Also read: India opens another door for FDI in papers, mags

Everybody loves a good FDI announcement

How Narendra Modi buys media through PR

cover-story-in

The request for proposal (RFP) document of the Gujarat government that sets ‘targets’ for the PR firm that wins the contract to promote Narendra Modi’s image

In the latest issue of Open magazine, its deputy political editor Jatin Gandhi lays his hand on a “Request for Proposal” (RFP) document of the Gujarat government that shows how “almost every day, the Indian media—and sometimes the foreign media too—is tricked or influenced by Narendra Modi‘s public relations machinery”.

Exempli gratia: “Modi’s Rambo act, saves 15,000” (The Times of India, 23 June 2013) .

The RFP besides setting targets for the PR firm that bags the contract (see image, above) also lists what is expected of a PR firm if it bags the contract to manage the Gujarat chief minister’s image.

# The hired PR firm should ‘arrange for national and international media to visit Gujarat and attend various events organized by the different departments of the Government of Gujarat’.

# ‘The number of media personnel for any event shall be decided by the Commissionerate of information after deliberation on the scale of the event.’

# “It is the Firm’s responsibility to arrange for the visits of journalists to Gujarat, any other part of the country or abroad. The expenses for the same will be reimbursed by the Commissionerate of Information on the submission of actual bills.’

The story quotes sources as saying the state government has already borne the expenses of scores of journalists, paying for their flights, travel within Gujarat and stay on assorted occasions (and multiple visits in some cases).

“Senior journalists are usually assured of luncheon meetings with Modi, with seating plans drawn up to boost their egos. The current Indian PR agency (Mutual PR) has so far arranged meetings between Modi and a range of newspaper and magazine editors.

“Starting this year, the government also has a budget allocation for taking journalists abroad on Modi’s foreign visits….

“At the Vibrant Gujarat summit earlier this year, a list of 20 journalists was drawn for a luncheon meeting with Modi. On this list was Madhu Kishwar, editor of Manushi and a fellow at the Delhi-based Centre for Study of Developing Societies, who has turned from being a critic to an advocate of Modi.

“Internal communication accessed by Open shows that the agency was wooing Kishwar, something she firmly denies.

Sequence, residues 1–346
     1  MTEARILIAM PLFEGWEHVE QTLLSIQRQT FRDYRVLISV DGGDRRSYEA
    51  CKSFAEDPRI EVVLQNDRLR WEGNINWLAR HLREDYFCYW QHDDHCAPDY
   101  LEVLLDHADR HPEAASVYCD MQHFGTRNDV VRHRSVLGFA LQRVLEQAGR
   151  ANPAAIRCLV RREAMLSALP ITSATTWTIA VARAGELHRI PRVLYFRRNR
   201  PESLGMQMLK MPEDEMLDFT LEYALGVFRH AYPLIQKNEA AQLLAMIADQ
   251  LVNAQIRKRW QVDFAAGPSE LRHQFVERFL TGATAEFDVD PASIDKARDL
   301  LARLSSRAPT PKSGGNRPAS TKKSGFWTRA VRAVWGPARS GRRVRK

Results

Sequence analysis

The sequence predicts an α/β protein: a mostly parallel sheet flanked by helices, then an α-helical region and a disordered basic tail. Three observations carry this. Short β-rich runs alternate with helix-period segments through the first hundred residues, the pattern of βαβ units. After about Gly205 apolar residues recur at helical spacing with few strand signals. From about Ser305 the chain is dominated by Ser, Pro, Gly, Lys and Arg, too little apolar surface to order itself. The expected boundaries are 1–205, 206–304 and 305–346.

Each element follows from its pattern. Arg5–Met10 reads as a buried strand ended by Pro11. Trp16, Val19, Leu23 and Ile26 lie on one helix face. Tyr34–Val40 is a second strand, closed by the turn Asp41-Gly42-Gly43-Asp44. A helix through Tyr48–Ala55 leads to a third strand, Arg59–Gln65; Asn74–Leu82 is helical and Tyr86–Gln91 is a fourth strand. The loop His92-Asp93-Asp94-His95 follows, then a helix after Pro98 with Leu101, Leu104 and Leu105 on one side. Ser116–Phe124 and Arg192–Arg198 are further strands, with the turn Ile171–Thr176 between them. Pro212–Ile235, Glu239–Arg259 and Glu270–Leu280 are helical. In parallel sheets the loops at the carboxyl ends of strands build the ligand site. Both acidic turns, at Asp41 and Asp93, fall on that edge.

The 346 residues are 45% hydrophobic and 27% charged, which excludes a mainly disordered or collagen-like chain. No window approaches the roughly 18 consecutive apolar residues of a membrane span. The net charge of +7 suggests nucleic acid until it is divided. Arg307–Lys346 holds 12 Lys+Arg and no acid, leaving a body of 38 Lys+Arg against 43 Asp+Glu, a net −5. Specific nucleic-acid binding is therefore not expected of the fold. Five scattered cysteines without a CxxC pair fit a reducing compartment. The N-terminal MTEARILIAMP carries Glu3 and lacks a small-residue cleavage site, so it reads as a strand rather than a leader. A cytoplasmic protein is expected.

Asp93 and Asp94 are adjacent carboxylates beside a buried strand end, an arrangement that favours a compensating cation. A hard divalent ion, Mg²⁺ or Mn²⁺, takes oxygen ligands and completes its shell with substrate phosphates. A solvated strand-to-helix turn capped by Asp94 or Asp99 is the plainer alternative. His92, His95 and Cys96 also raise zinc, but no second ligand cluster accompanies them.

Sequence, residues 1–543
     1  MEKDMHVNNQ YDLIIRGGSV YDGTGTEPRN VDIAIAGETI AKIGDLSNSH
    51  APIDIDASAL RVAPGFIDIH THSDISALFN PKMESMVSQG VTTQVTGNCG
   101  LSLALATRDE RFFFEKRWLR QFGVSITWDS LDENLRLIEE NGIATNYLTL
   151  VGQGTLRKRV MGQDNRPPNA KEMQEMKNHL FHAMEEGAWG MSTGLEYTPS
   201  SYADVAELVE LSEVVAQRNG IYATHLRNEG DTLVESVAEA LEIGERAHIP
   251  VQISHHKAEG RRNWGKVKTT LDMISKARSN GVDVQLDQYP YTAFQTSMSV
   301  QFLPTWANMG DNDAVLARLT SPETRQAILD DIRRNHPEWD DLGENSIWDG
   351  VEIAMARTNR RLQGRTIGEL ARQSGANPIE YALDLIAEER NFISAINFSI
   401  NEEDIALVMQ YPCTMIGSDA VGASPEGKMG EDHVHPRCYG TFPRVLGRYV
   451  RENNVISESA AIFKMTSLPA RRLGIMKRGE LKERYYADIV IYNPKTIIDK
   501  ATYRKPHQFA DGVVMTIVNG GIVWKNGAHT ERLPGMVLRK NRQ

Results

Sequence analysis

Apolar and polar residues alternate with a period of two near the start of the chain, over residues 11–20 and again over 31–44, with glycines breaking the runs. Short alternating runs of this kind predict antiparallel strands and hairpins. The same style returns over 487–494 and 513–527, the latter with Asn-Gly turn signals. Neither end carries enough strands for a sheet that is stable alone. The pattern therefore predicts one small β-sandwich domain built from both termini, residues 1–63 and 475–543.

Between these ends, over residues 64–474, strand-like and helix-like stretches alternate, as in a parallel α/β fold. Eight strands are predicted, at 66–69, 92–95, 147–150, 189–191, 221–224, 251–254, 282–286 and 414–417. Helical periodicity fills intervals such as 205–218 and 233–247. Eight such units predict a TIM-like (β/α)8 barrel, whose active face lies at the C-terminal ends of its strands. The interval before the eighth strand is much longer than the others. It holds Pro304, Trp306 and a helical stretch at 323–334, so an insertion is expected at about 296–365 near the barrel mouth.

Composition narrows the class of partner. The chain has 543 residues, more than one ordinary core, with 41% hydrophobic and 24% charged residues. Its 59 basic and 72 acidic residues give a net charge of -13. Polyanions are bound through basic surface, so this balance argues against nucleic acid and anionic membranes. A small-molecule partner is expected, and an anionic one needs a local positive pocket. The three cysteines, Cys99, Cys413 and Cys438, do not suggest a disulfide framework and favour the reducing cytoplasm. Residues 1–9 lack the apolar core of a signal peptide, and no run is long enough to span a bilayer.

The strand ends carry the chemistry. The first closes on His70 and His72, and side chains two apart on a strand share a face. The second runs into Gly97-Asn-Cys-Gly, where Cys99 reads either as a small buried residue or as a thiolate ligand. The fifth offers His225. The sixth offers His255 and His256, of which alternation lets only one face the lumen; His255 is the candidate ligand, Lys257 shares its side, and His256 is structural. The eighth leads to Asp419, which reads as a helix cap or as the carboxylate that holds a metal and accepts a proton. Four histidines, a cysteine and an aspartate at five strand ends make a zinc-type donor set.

She says that she is writing a book on Modi: “I am going to include a chapter, I think, on the myth and reality of Modi’s PR. There is no PR. I have written angry letters to the CM’s office asking for information for which I have been waiting several weeks now. They are so overburdened.”

“With Kishwar claiming she is oblivious to the machinery at work, the Gujarat government nevertheless gave her special attention because she was seen as one of the lone voices emerging from the ‘the Left liberal space’ favourable to Modi’s policies with ‘captive column space available to her in The Hindu, DNA and Manushi…’

Read the full article: The Modi mythology

Also read: ReutersModi interview: ‘sensational tokenism’

‘Network 18’s multimedia Modi feast: a promo’

For cash-struck TV, Modi is cost-effective TRP

Modi‘s backers, media owners have converged’

The anti-Congress journo who fell for Priyanka

From the gossip column of the Hindustan Times:

“Congress president Sonia Gandhi did not think for a second before announcing that she would be contesting from Rae Bareli again in 2014, while speaking to reporters at the UPA anniversary dinner in May.

“Ask her,” she had responded to a question as to whether Priyanka Gandhi would also contest.

“The question being open, many in the Congress are asking each other whether Priyanka would finally join the electoral fray. There is no clear indication yet, but she is keeping a close tab on political developments and also making some decisive interventions.

“Last heard of, she invited  a celebrity journalist known for his anti-Congress rhetoric to  tea. He went home a changed man! Diplomacy in a teacup. “

Read the full column: The Buzz